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Wilfred Owen

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Which account has the most powerful impact on you and why? The Sentry and the letter, that Wilfred Owen wrote, are both powerful accounts of the war. Personally, both accounts become more effective as Owen experienced war first hand. Due to Owen's first hand experiences he could use honesty as a form of dramatic effect. Although, because people knew Owen was a soldier of war, he could exaggerate to the reader to provide another form of dramatic effect. The purposes, of both the poem and the letter, is to show how horrendous the war actually was. The Sentry goes further to explain a particular incident using speech as, 'he whined, "Oh sir, my eyes"'. This helps you visualise a realistic account of how horrific Owen's surroundings were at the time. The purpose explaining the war, to the readers of the poem and to his mother through the letter, was because Owen knew that people at home away from war didn't have any knowledgable facts about what was truthfully going on. The poem helps show the reader what was going through Owen's mind at the time of the war aswell. ...read more.


The words 'blast' onto the page and get 'Hammered' into your head so you feel the true pain that people had to go through. In comparison to The Sentry, where there is loud descriptive text, Owen gives the letter a blunt desciption of war. Owen gives the impression that he is trying to make his mother feel slightly guilty that he is being murdered while, 'I suppose, you would be going to church' as if nothing is happening. The onomatopeoias within the letter gives the impression that Owen is spitting with annoyance as his 'machine gun spluttered'.As Owen explains how horrific and deadly the war is, he seems to exaggerate every point as it was not just dark but, 'it was of course dark, too dark.' Owen also writes metaphorically to prove a point of it not just being muddy but, 'an octopus of sucking clay'. Although the letter is not completely poetic you can see from evidence that Owen was a poet and could describe using imagery and give a dramatic effect to prove a point. ...read more.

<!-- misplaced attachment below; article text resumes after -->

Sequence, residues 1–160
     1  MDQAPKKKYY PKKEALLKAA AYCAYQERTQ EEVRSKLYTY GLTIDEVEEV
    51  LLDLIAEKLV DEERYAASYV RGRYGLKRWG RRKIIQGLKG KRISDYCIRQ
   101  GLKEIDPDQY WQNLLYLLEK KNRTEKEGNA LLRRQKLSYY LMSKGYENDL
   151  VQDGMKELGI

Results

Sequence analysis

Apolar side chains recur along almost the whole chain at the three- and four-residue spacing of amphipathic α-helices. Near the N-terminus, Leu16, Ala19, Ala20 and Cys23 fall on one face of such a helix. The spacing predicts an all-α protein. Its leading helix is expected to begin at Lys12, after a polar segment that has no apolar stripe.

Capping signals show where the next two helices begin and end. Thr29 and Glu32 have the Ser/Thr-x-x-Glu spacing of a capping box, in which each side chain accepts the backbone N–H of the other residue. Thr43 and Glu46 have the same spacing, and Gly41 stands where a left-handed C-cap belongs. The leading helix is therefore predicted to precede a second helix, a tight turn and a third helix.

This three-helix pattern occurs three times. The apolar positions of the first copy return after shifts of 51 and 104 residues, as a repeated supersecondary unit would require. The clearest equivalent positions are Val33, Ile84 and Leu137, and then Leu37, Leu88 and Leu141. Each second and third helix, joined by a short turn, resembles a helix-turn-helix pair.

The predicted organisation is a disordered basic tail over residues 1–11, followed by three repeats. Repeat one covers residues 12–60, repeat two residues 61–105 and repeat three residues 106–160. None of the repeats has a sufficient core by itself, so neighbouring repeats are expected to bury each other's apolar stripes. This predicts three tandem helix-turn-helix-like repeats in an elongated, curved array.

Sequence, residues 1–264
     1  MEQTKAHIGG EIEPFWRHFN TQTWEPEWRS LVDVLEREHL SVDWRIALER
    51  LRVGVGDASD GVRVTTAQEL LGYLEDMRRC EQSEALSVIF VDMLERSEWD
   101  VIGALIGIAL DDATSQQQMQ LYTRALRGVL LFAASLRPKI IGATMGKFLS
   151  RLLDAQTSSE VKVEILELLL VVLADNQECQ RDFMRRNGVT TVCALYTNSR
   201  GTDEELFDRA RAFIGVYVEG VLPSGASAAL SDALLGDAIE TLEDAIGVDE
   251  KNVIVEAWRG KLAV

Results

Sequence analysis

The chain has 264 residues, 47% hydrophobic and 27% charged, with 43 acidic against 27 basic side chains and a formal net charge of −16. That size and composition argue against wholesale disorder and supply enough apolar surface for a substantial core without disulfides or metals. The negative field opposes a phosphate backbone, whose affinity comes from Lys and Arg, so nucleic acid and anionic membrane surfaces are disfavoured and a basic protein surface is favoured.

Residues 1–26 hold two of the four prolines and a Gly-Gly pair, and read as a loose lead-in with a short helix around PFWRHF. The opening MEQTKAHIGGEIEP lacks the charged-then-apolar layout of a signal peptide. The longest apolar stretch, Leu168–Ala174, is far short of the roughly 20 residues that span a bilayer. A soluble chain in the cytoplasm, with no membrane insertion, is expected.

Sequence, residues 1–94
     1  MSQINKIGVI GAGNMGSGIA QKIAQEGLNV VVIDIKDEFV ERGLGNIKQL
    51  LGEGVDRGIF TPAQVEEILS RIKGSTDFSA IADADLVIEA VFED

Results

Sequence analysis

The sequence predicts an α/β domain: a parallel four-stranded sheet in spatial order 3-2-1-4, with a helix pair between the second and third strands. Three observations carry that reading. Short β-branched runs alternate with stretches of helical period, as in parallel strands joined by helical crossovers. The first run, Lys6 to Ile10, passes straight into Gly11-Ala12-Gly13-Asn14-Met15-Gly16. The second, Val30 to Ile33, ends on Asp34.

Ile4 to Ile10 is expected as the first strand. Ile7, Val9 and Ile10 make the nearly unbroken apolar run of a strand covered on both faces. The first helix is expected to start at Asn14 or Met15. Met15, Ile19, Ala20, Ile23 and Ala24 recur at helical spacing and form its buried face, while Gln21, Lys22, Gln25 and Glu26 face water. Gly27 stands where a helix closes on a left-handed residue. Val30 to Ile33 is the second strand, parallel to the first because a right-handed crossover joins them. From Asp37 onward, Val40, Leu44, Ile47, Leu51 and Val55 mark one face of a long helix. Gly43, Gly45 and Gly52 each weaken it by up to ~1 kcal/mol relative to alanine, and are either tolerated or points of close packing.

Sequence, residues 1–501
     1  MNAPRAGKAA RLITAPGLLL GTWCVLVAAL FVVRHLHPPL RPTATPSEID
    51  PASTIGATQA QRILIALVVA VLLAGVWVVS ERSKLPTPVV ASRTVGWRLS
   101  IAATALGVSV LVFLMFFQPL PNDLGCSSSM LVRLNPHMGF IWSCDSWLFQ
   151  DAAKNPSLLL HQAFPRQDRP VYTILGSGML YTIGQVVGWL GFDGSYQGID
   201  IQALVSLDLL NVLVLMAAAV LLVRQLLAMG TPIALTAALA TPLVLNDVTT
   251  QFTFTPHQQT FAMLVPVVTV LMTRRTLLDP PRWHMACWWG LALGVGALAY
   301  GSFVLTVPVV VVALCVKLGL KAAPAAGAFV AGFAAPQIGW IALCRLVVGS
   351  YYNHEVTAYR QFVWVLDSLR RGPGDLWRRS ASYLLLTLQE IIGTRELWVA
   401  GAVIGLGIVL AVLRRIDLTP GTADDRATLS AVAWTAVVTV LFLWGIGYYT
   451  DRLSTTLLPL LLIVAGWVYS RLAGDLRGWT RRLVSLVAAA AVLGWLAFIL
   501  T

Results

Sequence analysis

Even as Owen uses speech of one of the sentry you get the impression that Owen has seen this happen over and over again. Personally, this did not make me sympathise with this individual but for the many who were wounded and suffered in this distressing way. The Sentry and the letter both are powerful accounts of war in their individual way. In my opinion, The Sentry became most powerful as, 'we heard him shout "I see your lights!"' The impact on the last sentance, of the poem, gave you a slight hint of hope but shows most people knew or thought that the war was going to end their life. The light could mean many different things but to me it meant the individual thought he may survive. This sentance brought the war into perspective that solidiers are sent to war to die and many knew they would actually be ending their lives as hope for them 'had long died out'. In my opinion, The Sentry came across most powerful as I felt the sublime effects not just from Owen himself but from his descriptive imagery around him. Words: 956 ?? ?? ?? ?? Caroline Gillinder Liz Little - A2 ...read more.

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